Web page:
“The interesting aspect of control in Morocco is their heavy reliance [on] and mastering of new technologies to this end,” Labassi said.

A February 2021 Facebook Coordinated Inauthentic Behavior Report (CIB) revealed that 385 Facebook accounts, six pages, and 40 Instagram accounts were taken down in Morocco for violating policies against coordinated inauthentic behavior. According to the report, the accounts taken down were, in part, used to comment on pro-government stories from news outlets, particularly ChoufTV. 

And high-profile cases like that of investigative journalist Omar Radi, professor Maati Monjib, and economist Fouad Abdelmoumni demonstrate the startling lengths of this government’s digital reach.

The common denominator is criticism of the government, but when charges come, there’s often more the government claims. Too often accompanying the array of charges slapped down against critics are more defamatory charges of rape and sexual assault.

Though rape is a legitimate offense, there is reason to believe, in these cases, it may not have happened as alleged. Several women who testified in these cases denied the allegations being made in their name or disclosed that their statements had been falsified. And yet, these charges and cases are hailed by the Kingdom, gaslighting its populace as a positive step forward in the country’s response to the #MeToo movement.

Or, instead of rape charge, the monarchy will attempt digital smear.

Videos of Abdelmoumni and his partner having sex circulated on WhatApp, videos that were filmed from inside their home and without their knowledge. These videos were sent to Abdelmoumni’s relatives and family. Abdelmoumni’s critiques of the makhzen, or elite high court, landed him a spot on the monarchy’s destructive to-do list.

Radi’s case remains of note, exhibiting every arm in the monarchy’s misinformation machine. Radi was charged with espionage over to his investigative work and contracted foreign research. In July 2021, he was sentenced to six years in jail. Some of his most resonant work includes reporting on the injustices surrounding the Hirak movement, the protests and unrest that’s led to the monarchy’s new information war, as well as an investigation into land grabs by speculators that exposed officials for acquiring land at a fraction of its market value. 

Human Rights Watch counted at least 136 discrediting articles on ChoufTV, while other sites accused him of working with foreign intelligence and being a secret agent. Amnesty International’s Security Lab research revealed traces of Israeli company NSO Group on Radi and Monjib’s phones, the latter the first victim of this surveillance.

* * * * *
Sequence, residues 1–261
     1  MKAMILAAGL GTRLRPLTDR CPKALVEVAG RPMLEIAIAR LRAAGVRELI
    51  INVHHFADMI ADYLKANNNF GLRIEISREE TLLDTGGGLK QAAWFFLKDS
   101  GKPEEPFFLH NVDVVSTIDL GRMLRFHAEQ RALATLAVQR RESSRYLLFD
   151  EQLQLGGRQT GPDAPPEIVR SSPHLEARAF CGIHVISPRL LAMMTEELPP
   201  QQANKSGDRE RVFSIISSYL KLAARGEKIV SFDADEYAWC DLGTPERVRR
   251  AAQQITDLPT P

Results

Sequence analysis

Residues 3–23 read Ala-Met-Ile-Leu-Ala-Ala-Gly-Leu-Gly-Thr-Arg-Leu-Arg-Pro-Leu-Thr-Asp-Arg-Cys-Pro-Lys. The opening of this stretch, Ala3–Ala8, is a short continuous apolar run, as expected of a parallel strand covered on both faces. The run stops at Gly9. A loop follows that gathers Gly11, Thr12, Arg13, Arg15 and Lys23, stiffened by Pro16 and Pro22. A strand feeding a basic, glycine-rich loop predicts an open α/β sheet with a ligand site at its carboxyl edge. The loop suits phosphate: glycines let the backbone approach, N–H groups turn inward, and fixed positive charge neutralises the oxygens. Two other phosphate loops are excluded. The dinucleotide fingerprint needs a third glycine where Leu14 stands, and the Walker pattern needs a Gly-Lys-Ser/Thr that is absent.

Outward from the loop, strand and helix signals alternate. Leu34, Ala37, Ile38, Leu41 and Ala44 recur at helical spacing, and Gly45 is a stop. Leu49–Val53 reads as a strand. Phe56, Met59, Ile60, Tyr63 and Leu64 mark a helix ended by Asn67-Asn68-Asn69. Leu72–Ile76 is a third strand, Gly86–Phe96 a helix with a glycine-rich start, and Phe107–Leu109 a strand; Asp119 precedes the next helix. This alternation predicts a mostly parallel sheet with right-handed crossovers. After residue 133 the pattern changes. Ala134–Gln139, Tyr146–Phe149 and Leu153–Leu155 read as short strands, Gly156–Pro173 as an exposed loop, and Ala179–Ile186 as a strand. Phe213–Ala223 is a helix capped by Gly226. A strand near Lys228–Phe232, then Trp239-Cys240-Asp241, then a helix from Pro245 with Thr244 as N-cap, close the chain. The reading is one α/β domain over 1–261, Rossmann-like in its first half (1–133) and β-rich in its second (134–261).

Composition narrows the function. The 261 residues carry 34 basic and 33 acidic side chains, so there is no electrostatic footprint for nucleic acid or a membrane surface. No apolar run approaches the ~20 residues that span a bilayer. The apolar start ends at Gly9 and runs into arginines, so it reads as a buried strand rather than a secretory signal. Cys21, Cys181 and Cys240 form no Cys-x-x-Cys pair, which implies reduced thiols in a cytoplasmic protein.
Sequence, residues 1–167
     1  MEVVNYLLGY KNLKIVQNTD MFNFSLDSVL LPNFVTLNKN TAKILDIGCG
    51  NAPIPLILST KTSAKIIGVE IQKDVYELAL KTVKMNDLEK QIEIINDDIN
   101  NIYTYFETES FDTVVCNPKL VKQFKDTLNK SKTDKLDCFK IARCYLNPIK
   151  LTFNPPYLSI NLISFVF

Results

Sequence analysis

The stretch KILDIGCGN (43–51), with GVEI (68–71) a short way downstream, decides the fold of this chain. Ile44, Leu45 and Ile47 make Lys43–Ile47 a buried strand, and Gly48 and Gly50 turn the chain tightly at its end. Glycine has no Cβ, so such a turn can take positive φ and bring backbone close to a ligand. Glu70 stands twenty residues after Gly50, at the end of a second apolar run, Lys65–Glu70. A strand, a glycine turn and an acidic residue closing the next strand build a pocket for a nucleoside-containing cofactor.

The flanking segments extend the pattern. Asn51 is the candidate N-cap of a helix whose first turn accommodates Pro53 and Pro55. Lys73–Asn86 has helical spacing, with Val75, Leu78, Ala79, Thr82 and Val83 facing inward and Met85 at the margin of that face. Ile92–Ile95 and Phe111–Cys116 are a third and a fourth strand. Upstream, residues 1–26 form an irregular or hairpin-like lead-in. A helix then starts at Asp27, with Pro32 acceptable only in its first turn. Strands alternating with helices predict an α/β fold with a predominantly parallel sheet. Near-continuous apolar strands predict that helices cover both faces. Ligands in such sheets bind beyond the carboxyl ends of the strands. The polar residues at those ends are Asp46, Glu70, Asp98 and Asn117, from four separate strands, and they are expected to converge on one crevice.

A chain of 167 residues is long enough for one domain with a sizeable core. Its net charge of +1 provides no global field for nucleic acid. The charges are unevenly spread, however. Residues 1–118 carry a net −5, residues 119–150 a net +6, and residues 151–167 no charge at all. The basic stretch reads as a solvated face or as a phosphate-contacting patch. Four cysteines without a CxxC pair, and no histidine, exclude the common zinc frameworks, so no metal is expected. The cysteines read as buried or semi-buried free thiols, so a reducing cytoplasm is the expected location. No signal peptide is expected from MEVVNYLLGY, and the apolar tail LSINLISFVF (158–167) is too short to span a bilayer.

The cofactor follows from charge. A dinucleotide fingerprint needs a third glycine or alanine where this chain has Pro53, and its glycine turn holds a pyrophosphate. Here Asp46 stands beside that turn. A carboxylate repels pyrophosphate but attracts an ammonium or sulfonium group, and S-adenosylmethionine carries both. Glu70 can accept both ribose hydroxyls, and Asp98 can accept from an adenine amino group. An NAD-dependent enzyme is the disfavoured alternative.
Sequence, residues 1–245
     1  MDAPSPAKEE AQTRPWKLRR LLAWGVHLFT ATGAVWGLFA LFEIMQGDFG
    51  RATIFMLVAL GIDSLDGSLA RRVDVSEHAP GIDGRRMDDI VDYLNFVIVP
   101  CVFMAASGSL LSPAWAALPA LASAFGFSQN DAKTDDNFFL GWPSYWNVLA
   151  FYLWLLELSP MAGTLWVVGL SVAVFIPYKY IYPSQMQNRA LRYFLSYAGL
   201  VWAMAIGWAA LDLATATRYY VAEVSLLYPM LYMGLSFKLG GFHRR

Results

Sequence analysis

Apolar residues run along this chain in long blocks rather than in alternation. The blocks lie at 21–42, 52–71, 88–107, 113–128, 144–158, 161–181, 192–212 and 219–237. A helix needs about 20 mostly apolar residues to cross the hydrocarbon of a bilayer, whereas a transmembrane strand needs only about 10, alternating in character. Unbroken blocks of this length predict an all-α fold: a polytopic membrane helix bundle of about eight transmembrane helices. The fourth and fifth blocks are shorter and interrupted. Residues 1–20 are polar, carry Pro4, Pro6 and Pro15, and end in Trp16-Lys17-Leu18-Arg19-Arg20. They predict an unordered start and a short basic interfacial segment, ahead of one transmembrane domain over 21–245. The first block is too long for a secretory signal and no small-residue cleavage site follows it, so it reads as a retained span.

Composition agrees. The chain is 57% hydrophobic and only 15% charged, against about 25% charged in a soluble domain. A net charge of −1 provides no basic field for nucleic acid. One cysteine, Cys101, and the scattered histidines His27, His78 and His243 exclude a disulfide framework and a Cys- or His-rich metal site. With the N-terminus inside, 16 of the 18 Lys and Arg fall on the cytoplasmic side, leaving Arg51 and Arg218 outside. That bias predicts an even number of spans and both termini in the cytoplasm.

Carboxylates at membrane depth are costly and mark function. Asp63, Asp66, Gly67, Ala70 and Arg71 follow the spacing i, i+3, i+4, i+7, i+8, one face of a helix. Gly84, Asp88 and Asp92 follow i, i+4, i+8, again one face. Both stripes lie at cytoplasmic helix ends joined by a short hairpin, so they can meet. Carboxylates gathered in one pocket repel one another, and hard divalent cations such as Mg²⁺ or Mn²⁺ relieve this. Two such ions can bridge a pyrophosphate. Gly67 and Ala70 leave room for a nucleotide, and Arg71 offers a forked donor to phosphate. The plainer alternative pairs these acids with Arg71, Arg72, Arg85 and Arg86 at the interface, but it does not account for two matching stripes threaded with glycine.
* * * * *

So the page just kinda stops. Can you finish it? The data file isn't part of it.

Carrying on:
In the months following the release of Amnesty’s report, hundreds of Facebook accounts involved in spreading disinformation about the organization were taken down. The monarchy will go to great lengths to dispute any criticism, even that of a well-respected NGO. 

As Deputy Director of Amnesty Tech Danna Ingleton tweeted: “Our credibility and our research standards were attacked publicly in an attempt to distract from the actual issue – that #NSOGroup spyware is being used in Morocco against civil society.”

Monjib, a long known critic of the government, historian, and human rights activist, was arrested in December 2020 on charges of money laundering. In an interview with the  Carnegie Endowment for International Peace, Monjib detailed his complicated history and relationship to the monarchy, stating that he has “always been outspoken about the regime’s infringements on the freedoms and rights of citizens, the suppression of the free press, and arbitrary arrest of activists,” with his 2020 arrest not being his first brush in with the law. 

It isn’t yet clear what will become of the activists, critics, and journalists. But from smear websites to revenge porn, to surveillance and disinformation, one thing is clear.  Morocco’s government is taking extraordinary steps to broker a distinct narrative and image.

As Labassi said, “misinformation is used to counter the revelations of investigative journalists and human rights workers on the authorities’ violations and scandals.” 

Keeping the truth out, the monarchy has determined, is the new high-tech way to stay in control.

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*First Published: Mar 23, 2022, 8:17 am CDT